IBM/Lotus this fall plans to release a new instant messaging gateway that will let users integrate IM and real time communication with partners and consumer networks.
The Real Time Collaboration Gateway will ship in mid-2006 as a replacement for the Lotus IM Gateway.
On Monday, Lotus announced it had signed deals with AOL, Yahoo and Google to integrate with their consumer IM networks. What was left out was how the integration would be supported.
The new gateway will be a free upgrade for existing Lotus IM Gateway customers and for those running Sametime, which supports both IM and Web conferencing. The gateway will be a separate product from Sametime.
The gateway will provide translation from Sametime's native Virtual Places (VP) protocol to the Session Initiation Protocol (SIP) and the Session Initiation Protocol for Instant Messaging and Presence Leveraging Extensions (SIMPLE). It also will support the Extensible Messaging and Presence Protocol, (XMPP), which is what Jabber and Google Talk are based on. The gateway will translate VP to SIP and then pass it to proprietary consumer services run by AOL and Yahoo.
The deals with AOL and Yahoo are similar to deals Microsoft struck last year with the two IM service providers.
The difference is Lotus does not plan to charge for the integration. Microsoft is charging customers to integrate its IM platform with those consumer networks.
"This is not a response [to that deal]," says Adam Gartenberg, offering manager in the real-time and team collaboration group at IBM/Lotus. "We are reacting to the needs of our customers. What drove this is that users wanted this capability without having to pay extra for it."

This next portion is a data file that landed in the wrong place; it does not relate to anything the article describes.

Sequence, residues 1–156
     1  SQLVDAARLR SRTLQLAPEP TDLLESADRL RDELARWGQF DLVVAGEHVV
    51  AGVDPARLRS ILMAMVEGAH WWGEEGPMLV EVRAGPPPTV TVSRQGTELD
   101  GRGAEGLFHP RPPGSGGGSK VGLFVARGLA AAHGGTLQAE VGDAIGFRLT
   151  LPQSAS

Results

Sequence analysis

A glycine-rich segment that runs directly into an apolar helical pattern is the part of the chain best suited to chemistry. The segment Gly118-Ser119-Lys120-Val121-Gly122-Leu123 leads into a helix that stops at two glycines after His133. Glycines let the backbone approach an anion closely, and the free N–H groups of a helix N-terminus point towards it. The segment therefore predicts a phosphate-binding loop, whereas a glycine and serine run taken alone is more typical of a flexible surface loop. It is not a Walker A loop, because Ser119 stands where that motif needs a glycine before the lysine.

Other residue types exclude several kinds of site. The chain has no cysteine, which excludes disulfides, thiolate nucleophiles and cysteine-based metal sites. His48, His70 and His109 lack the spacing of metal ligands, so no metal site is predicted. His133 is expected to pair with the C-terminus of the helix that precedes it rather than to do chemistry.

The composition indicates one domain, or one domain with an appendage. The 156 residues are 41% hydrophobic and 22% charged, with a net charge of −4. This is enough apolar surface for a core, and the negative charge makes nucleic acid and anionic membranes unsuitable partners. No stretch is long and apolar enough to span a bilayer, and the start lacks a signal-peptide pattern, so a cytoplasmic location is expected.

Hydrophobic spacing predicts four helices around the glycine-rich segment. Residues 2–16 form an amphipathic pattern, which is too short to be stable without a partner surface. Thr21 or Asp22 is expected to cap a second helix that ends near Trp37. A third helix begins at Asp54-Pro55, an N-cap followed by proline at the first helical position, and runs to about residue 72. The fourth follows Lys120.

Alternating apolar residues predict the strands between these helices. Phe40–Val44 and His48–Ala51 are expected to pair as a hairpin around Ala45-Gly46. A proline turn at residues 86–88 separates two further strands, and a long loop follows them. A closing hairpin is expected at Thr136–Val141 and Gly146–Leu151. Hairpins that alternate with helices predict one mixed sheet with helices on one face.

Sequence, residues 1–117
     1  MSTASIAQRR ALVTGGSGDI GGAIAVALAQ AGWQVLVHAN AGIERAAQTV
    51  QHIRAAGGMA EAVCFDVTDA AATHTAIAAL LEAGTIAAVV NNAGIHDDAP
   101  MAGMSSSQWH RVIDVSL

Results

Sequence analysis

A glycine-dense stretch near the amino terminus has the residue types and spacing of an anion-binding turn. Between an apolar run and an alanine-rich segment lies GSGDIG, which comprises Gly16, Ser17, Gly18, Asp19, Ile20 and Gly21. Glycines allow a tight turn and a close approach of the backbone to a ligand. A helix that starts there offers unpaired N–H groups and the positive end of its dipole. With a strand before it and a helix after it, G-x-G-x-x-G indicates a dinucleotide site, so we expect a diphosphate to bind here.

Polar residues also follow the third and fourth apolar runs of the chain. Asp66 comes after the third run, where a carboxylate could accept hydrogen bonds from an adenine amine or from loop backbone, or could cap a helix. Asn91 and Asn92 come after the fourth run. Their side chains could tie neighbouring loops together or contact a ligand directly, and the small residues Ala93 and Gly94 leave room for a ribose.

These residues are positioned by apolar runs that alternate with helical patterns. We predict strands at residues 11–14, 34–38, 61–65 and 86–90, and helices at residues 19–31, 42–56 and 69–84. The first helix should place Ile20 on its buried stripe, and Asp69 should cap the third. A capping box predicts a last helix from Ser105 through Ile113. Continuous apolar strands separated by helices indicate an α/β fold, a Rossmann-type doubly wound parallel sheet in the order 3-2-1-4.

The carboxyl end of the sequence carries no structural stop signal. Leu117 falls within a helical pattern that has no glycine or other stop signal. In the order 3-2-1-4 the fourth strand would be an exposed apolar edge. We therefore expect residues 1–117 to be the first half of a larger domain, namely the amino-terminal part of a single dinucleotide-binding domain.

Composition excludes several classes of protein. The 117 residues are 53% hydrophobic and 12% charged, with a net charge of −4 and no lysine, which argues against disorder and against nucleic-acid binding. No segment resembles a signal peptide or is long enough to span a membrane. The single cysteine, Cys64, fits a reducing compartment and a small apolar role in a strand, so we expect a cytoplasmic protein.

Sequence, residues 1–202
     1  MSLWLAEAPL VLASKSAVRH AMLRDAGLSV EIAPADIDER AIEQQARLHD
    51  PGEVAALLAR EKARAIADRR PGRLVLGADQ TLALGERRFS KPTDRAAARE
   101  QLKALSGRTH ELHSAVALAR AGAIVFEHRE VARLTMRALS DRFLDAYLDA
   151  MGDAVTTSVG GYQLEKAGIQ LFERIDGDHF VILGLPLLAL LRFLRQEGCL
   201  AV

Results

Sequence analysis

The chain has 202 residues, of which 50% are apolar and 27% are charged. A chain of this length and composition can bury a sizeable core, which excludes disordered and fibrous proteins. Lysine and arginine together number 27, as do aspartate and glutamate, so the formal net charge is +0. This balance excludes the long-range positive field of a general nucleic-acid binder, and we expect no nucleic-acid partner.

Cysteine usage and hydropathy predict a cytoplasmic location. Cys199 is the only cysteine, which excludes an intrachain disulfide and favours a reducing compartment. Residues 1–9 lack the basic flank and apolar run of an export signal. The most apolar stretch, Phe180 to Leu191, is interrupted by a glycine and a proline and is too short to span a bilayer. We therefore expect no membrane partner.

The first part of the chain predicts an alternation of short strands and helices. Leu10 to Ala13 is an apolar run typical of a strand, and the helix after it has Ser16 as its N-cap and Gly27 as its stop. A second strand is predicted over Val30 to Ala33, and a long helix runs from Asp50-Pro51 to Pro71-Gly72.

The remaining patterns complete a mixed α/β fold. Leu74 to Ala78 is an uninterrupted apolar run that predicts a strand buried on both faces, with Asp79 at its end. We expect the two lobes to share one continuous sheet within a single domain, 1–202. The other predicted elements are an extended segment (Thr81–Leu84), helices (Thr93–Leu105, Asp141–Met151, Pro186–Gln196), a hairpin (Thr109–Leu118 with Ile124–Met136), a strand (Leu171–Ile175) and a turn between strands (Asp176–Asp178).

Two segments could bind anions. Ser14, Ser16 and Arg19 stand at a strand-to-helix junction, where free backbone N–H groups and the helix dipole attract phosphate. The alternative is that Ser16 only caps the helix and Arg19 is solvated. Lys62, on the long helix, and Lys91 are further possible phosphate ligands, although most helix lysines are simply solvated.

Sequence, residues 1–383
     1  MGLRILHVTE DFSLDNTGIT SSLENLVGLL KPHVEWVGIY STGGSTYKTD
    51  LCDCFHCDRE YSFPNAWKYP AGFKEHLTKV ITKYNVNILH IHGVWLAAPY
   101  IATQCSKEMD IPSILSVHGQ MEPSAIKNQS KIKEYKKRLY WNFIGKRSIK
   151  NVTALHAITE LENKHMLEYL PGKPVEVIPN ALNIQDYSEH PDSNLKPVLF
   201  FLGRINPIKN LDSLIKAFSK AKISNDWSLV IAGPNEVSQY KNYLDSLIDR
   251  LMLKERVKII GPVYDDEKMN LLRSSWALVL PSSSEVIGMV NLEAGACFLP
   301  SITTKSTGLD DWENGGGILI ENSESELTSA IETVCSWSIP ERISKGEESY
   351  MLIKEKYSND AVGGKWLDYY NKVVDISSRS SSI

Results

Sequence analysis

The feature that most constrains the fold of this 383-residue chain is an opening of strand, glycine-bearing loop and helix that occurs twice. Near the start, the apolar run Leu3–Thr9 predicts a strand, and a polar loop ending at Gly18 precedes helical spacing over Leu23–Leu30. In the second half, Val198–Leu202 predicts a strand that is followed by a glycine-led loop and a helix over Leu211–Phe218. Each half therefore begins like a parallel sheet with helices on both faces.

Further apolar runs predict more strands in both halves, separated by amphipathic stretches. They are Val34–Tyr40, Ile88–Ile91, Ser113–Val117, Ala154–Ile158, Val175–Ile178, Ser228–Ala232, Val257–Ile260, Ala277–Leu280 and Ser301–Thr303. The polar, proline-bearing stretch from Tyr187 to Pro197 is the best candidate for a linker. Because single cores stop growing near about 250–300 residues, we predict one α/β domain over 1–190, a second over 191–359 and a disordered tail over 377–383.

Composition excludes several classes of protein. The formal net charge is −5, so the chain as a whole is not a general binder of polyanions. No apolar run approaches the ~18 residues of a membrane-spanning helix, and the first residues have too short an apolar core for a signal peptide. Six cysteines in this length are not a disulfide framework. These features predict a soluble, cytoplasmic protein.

With the new Lotus gateway, users can connect directly to partners to integrate IM platforms or connect to the AOL Clearinghouse Network for routing services.
The gateway is part of a full makeover for Sametime 7.5, which will ship this fall. The overhaul focuses on the client side where Lotus plans to add a number of features that have been missing such as type-ahead capabilities that provides word suggestions as a user types, locally saved chat text, and the ability to hover over a name on a buddy list to get information about the person.
"A lot of our focus has been spent on the server side ensuring scalability and reliability," says Gartenberg. Now the focus is on the client, which is pointed toward becoming a development platform much like Notes and a place where end-users with specific job roles could live and work on a daily basis.
Lotus is using a new plug-in capability to let you add on social networking tools, extend features such as looking up free/busy times on calendars, adding location awareness features, the ability to find printers on a network, new click-to-call features that integrate the client with a PBX, or embedding soft phone capabilities into the client.
Lotus has licensed a codec from Global IP Sound to support the VoIP features. The codec is the same one used by Skype and lets up to five users connect at one time to the same call.
Partners also will be able to develop plug-ins that extend the capabilities of the Sametime client.
In addition, Lotus has added audio/visual integration with products from Avaya, Polycom, Nortel, Siemens and Tandberg.
"Lotus and its partners will be able to add a lot more value to the IM client," says Gartenberg. The plug-in architecture is built on Eclipse so any plug-ins that are developed for the Sametime client also would run on the forthcoming Notes Hannover client and the just released Workplace Managed Client 2.6.
Rival Microsoft is playing out the same sort of string on its Live Communications Server platform and trying to create a real-time platform flush with capabilities beyond IM and conferencing.
The Sametime Web conferencing client also is getting a much needed interface overhaul with the edition of a new welcome page, a separate folder to upload files, new firewall traversal capabilities and smoother handling of pop-ups. The browser-based 7.5 client is built on Eclipse.